Tokyo is obviously renowned for its vintage clothing – the most famous is probably Jantiques, for its items from the US, UK and France after the ’50s, and which are always in good condition. Despite the higher price points, I always end up buying something from here. But the best area to go second-hand shopping in is Koenji – there are hundreds of vintage spots there. Like Anemone, which stocks European clothing from the ’80s and ’90s; they have many items that I sold myself when I was a young sales associate, which always makes me feel sentimental. And there is Kissmet, which is known for its range of Japanese designer brands, such as Yohji Yamamoto, Issey Miyake and Comme des Garçons from the ’80s and ’90s.

My favourite part of the city is the area around Jinbocho, where I spent time before university, inspiring me to study interior design. It’s a very calm place to walk around. The area has a lot of art supply shops and vintage bookstores, specialising in photography, music, art and fashion. There’s also a store that has a lot of second-hand magazines, such as Vogue, Esquire and GQ. American magazines were always very expensive to buy new, so when I was in school I used to buy vintage ones for style inspiration. I’ve also recently found a music café there, called Jazz Olympus, which focuses on jazz from the 1950s and ’60s, my favourite eras. Tokyo is very busy, and there aren’t many spots where you can relax, but this place is quite chilled. They have a great sound system and they also serve delicious Japanese curry.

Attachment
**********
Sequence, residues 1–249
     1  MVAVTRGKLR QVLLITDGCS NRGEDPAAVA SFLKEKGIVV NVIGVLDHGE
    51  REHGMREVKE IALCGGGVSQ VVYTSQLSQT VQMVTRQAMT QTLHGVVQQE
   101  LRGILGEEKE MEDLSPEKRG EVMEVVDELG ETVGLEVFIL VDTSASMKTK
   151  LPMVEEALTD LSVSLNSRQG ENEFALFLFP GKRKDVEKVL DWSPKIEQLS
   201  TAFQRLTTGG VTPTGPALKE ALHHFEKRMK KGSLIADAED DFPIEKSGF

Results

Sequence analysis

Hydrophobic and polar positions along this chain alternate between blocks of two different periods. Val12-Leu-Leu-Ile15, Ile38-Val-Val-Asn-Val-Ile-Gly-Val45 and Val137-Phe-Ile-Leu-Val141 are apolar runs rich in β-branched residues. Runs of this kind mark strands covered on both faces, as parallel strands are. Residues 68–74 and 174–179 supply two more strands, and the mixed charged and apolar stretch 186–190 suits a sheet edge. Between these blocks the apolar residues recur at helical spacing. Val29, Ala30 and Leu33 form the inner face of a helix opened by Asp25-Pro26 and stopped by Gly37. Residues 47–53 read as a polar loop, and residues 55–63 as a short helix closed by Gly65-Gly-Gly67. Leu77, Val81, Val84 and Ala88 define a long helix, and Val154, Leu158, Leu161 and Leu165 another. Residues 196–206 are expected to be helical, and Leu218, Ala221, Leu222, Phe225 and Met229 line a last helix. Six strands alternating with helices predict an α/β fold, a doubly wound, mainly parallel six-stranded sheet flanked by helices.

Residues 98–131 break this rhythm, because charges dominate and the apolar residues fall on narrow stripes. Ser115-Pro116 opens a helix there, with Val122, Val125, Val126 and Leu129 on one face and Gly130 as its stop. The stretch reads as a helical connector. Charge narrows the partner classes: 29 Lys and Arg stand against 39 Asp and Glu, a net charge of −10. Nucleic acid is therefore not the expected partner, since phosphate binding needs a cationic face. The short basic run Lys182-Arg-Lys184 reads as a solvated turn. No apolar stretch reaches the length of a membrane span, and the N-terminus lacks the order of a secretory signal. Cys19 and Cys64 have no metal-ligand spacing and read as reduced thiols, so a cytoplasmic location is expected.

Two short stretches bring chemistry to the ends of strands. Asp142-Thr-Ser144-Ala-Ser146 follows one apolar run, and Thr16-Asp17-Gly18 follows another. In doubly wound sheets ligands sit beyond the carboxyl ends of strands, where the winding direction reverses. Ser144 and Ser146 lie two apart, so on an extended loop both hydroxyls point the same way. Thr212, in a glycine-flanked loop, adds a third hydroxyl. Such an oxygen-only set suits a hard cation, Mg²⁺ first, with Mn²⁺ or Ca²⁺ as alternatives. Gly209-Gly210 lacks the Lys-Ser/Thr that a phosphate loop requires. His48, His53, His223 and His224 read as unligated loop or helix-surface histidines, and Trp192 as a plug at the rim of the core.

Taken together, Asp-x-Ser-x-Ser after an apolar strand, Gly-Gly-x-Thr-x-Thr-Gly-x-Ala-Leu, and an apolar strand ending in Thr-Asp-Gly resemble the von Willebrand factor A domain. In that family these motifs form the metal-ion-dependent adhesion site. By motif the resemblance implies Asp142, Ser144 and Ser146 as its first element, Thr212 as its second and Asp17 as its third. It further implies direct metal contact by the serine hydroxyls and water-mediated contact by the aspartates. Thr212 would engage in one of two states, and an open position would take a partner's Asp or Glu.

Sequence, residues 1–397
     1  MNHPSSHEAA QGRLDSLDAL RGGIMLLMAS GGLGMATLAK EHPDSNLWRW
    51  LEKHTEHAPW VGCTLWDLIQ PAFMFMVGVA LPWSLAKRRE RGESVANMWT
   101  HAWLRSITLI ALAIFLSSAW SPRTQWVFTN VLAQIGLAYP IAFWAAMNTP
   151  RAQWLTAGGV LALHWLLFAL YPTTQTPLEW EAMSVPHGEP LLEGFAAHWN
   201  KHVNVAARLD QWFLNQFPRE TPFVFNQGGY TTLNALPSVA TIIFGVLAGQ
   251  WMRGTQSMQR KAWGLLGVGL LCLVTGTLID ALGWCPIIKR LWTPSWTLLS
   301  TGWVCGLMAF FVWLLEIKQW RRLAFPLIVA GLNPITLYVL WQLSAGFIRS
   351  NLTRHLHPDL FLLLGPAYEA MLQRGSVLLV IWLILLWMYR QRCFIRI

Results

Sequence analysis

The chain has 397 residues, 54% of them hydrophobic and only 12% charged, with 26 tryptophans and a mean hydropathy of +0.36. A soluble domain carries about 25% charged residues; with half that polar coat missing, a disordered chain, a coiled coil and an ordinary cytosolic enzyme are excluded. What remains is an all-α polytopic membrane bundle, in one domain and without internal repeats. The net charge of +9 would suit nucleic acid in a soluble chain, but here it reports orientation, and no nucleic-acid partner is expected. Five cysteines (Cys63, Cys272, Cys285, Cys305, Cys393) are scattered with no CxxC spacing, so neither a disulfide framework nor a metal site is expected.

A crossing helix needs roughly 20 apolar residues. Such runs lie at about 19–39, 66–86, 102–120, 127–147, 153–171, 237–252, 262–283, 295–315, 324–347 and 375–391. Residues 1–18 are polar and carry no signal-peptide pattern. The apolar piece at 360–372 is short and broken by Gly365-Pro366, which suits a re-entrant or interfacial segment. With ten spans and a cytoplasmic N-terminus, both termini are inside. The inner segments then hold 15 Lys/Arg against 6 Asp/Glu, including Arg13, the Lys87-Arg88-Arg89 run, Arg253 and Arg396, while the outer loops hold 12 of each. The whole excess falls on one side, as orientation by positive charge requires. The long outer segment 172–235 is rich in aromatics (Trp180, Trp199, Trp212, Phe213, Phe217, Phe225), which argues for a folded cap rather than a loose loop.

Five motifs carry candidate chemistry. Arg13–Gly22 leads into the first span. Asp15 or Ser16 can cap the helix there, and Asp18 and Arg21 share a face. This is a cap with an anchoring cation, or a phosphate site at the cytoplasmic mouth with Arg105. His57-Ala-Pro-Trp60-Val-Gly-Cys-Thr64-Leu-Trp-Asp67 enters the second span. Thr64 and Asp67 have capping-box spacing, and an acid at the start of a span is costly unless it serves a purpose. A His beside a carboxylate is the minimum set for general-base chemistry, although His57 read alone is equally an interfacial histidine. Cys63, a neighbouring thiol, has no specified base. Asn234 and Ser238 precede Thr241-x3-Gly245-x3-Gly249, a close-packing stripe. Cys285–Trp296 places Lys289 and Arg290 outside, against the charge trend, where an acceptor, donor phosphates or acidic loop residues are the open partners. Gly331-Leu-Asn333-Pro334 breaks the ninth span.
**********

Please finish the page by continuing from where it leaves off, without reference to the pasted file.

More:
The main entrance to Hotel Hoshinoya
The main entrance to Hotel Hoshinoya
Vintage clothes from Anemone
Vintage clothes from Anemone

I also like to walk around the streets near Shoin Shrine, in Setagaya District, a local residential area. Near the temple, there are many interesting small accessory shops – which we call zakka – where they sell homewares, stationery, fashion accessories and leather goods. The area itself is made up of a lot of small shops that were formerly Japanese-style housing. It’s not upmarket or glossy, it’s really low-key and relaxed.

For inspiration, I go to Daikanyama Hillside Terrace, which was designed by the architect Fumihiko Maki; I like it for its distinct Tokyoite building style. I’ll visit Tsutaya to find the latest books, then walk around the neighbourhood to check out the fashion boutiques.

Prada’s Aoyama store
Prada’s Aoyama store © Alamy
Ceramics at Bingoya